Board Management Decision Making

Board management decision making is among the most critical, complex processes of governance. Boards must determine what kind of risk they are willing to accept and how much knowledge is required to manage the risk. They must also determine the best method to communicate and make decisions.

Effective boards avoid binary choices and spend a lot of time pondering the myriad of options and challenging assumptions. They also make sure that their decisions are documented in a way that enables them to software to improve board management decision making review the decisions and evaluate the effectiveness of implementation.

Leigh Weiss says that for high-consequence decision making, or what I call black elephants, it’s essential to involve a diverse group in defining the ultimate binary issue and in the discussions surrounding it. Weiss is referring to inviting outside experts to assist the board in understanding the complexity and ramifications of the decisions. The board is required to participate in the discussion instead of simply letting management take the decision and then approve it.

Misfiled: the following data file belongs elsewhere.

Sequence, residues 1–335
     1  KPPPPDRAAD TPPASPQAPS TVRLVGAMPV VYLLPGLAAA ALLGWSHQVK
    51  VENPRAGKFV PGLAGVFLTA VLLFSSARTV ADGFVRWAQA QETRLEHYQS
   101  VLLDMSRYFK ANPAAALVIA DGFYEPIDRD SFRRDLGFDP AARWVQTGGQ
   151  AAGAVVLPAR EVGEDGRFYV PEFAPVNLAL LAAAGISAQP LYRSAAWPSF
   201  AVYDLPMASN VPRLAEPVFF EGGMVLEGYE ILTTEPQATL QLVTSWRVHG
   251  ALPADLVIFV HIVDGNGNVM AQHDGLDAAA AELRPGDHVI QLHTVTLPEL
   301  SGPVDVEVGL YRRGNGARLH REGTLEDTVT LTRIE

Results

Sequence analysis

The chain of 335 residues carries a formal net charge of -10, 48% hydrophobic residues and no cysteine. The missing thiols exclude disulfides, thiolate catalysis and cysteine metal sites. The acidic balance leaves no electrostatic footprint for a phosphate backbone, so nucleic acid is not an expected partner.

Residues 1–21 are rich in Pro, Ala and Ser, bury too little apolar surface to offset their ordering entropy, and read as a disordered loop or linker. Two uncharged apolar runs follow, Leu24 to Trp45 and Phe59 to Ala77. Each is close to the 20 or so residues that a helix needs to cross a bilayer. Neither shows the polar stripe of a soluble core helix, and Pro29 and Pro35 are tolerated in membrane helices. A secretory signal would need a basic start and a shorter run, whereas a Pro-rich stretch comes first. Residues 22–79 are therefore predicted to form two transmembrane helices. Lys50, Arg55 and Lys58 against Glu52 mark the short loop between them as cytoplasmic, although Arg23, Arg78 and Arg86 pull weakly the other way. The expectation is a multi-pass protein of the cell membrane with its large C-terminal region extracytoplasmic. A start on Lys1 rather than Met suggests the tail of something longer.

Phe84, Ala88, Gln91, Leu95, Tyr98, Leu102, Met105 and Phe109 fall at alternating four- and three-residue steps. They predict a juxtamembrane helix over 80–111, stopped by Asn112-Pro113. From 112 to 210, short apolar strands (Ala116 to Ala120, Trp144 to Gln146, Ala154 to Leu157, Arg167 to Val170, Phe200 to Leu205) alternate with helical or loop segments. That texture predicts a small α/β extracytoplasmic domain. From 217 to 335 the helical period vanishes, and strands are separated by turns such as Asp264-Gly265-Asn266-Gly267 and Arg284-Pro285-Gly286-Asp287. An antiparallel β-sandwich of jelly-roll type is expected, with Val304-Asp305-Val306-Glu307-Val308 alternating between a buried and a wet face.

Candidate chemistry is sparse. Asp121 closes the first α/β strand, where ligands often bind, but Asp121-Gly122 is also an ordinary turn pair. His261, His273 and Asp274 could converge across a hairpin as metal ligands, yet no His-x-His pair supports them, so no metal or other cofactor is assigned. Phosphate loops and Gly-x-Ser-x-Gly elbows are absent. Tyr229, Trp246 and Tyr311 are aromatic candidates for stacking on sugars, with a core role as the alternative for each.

It is helpful to have a chart that defines which committees, executives and/or the board must make certain kinds of decisions. This is especially useful when the board is contemplating an important and significant decision that could affect the future of the company. Boards should also decide the type of vote (simple majority, supermajority, or unanimous) to use for specific decisions.

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